Portrait photography’s capacity to delight and inform takes center stage in PEOPLE Pleasing PEOPLE Pleasing PEOPLE like you, RNG Gallery’s newest exhibition. It is an experience of photographic sensibility as seen through the lens of three different photographers, Rob Gilmer, Machaela Morrissey, and Rob Walters.

Despite the familiarity of these mostly candids and informal gatherings and portraits, the exhibit effectively conveys major photo artist Diane Arbus’ observation, “A picture is a secret about a secret, the more it tells you the less you know.”

A continual theme to look forward to in Gilmer’s photography is his capturing of friends and family in individual moments of engagement. Gilmer’s images not only evoke similarities between people, but also express the genuine affinity we each may have in how we value one another.

“Sara and Simon” succinctly captures the warmth and joy uniting this couple. Having one in focus and one not accentuates their individuality, as does the different directions of their eye gaze. It is in the compositional framing and repetition of facial features that their joined humanity is conveyed.

Repetition and reflection amplifies the portrait of “Louise.” The sense of inward contemplation is magnified by her arm and hand’s reflection on a shiny surface. The eye gaze moves inward as half her body gesture stretches outward. The contrast of light and dark, along with one hand cut off at the image’s edge, creates a surreal spatial sensation. There are a myriad of ways this photograph could be interpreted.

“That Lesley Look” might be communicating casual boredom or intense interest. Can “Lesley” hear the conversation going on behind her, or is she even aware there are two people conversing behind her? The composition suggests either possibility. A photograph becomes more than a snapshot when the image reveals nuances of perceptual interpretation.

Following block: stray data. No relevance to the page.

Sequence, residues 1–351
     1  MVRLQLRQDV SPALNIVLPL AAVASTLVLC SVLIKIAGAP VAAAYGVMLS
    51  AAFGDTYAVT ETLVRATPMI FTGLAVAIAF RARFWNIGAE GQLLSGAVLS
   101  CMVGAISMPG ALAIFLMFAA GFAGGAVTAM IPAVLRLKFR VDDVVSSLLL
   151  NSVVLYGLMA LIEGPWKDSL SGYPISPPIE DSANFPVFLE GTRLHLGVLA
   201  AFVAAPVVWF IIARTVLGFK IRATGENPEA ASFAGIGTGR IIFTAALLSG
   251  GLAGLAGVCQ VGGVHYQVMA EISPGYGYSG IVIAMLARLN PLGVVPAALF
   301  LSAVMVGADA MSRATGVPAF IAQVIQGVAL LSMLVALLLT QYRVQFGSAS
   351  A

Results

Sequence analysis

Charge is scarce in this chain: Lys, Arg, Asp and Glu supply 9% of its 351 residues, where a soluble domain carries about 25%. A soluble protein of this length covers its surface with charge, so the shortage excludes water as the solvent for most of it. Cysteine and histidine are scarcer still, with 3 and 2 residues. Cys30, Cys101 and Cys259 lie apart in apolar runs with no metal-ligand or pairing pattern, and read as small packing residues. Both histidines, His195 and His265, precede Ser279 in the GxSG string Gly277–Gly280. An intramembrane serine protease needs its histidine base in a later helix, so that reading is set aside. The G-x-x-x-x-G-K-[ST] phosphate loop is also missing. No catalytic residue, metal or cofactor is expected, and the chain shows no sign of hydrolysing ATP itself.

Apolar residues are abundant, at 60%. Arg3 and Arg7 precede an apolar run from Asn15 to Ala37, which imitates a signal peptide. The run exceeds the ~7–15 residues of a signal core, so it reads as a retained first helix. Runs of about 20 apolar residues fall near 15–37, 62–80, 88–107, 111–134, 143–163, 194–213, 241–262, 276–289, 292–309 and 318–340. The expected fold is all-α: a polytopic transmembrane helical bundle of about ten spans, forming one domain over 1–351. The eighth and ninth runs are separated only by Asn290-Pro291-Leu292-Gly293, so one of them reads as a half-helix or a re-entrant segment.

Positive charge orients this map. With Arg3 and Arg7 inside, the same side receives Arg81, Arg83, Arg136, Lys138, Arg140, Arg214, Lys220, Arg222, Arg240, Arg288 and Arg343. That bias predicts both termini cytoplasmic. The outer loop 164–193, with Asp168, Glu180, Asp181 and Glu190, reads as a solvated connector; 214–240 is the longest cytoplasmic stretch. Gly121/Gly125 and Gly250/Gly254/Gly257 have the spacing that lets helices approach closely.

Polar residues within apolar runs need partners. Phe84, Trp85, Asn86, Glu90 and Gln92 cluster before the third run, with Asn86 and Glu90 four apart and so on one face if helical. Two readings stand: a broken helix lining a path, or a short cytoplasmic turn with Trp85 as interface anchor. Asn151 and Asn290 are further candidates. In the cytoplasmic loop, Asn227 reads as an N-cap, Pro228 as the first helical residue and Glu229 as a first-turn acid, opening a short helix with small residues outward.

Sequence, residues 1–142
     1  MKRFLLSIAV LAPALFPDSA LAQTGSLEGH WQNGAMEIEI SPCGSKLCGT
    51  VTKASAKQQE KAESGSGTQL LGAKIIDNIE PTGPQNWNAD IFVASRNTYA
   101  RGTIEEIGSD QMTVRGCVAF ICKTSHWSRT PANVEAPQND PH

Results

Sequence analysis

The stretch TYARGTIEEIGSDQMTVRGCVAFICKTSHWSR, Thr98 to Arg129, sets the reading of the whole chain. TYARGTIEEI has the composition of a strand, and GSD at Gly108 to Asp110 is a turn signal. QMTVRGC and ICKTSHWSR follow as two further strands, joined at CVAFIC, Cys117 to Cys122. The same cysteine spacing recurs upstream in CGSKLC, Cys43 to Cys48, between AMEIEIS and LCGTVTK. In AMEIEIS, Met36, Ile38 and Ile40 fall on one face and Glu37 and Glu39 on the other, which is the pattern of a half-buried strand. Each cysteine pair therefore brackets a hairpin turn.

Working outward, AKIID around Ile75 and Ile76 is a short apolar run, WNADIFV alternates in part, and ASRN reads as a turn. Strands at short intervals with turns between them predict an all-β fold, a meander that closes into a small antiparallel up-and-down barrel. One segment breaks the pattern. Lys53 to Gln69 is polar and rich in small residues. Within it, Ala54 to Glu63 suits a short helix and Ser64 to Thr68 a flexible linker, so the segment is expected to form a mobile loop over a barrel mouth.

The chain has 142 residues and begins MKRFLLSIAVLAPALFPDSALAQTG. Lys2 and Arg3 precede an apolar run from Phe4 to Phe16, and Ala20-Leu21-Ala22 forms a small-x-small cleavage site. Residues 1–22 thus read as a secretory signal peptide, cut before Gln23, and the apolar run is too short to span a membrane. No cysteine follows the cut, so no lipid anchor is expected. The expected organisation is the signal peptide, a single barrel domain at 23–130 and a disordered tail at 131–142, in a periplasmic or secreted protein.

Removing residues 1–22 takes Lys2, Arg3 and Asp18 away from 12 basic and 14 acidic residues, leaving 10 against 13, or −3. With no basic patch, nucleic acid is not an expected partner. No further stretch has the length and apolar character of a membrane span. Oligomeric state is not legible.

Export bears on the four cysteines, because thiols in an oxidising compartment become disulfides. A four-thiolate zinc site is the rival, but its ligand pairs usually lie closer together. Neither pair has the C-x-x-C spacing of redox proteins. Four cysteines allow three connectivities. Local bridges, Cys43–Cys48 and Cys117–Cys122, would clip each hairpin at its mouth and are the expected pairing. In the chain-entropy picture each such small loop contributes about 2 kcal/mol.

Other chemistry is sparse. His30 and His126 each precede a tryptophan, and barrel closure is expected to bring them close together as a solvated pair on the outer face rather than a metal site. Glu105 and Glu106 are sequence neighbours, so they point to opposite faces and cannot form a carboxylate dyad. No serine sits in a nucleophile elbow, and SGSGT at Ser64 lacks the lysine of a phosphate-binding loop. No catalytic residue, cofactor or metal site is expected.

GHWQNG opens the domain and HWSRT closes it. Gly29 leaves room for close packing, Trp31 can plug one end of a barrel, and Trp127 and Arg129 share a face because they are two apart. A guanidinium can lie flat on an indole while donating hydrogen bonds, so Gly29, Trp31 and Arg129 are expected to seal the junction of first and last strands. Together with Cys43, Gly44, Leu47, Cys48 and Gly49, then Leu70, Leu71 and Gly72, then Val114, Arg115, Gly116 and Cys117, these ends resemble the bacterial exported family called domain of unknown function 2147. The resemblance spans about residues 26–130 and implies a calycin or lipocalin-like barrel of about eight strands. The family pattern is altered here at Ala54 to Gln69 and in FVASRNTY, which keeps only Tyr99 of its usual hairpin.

Gilmer’s more successful images are skillfully constructed from this understanding. “Family Reunion” communicates a dynamic of multi-generational worshippers at church. The adults attentive to the service metaphorically “hold” the distracted or sleeping children in an underlying geometric composition providing structure and order. Gilmer’s visual statement surrounding familial love and acceptance translates into a universal image of the larger human family.

Photographer Ansel Adams has said, “A great photograph is one that fully expresses what one feels, in the deepest sense, about what is being photographed.”  Morrissey’s photographs communicate place as well as person in her series using addresses as titles. “22846 River Road #1” includes farm equipment as backdrop for the portrait of a man contained in the scene.

“14388 Lace Lane #1” and “14388 Lace Lane #2” appear to be a demolition site. Is the person photographed here the home’s owner, or has he been hired to oversee the job?  “24660 Liberty Lane” depicts a different individual appearing to consider the tasks before him. Verbally describing some of the images in Morrissey’s series does little to convey the impact; these people are reacting to what appears to be flood damage. These images become a testimony to the resilience of Iowa landowners and tell viewers as much about Morrissey’s empathic response to the scene as they do about natural disaster.

The presentation and framing of Rob Walters’ portraits immediately give his series a level of distinction. While the deadpan quality and angle of view of each image bring the work of William Eggleston to mind, Walters creates his own niche. His lens imbues his subjects with a palpable sense of individual strengths and vulnerabilities.

The straightforward gazes of “Derek” and “Sarah” create relationships in engaging the viewer, while the angle of gazes in “Kim” and “Kelly” allows observation only. Through compositional cropping and full body portraits “Slayer, Omaha NE” and “Girl, Council Bluffs, IA” achieve both, the establishment of relationship and placement of viewer as observer.  This series of photographs is conceptually strong in its ability to create a place for the photographer’s vision, the subject’s humanity, and the viewer’s response.

 “A portrait is not a likeness,” Portrait photographer Richard Avedon once said. “The moment an emotion or fact is transformed into a photograph it is no longer a fact but an opinion. There is no such thing as inaccuracy in a photograph. All photographs are accurate. None of them is the truth. ”

See PEOPLE Pleasing PEOPLE Pleasing PEOPLE like you at RNG Gallery to feel life, engage with images, and discover your own truth.

Rob Gilmer, Machaela Morrissey, and Rob Walters, PEOPLE Pleasing PEOPLE Pleasing PEOPLE like you continues through July 7, 2013, RNG Gallery, 157 West Broadway, Council Bluffs, IA 51503, 712.256.4140, Gallery Hours: Tues – Fri 11am – 2 pm and 5pm – 9 pm, Sat 9am – 2 pm and 5pm – 9pm, Sunday 9am – 2pm. http://dixiequicks.com/category/rng-gallery/

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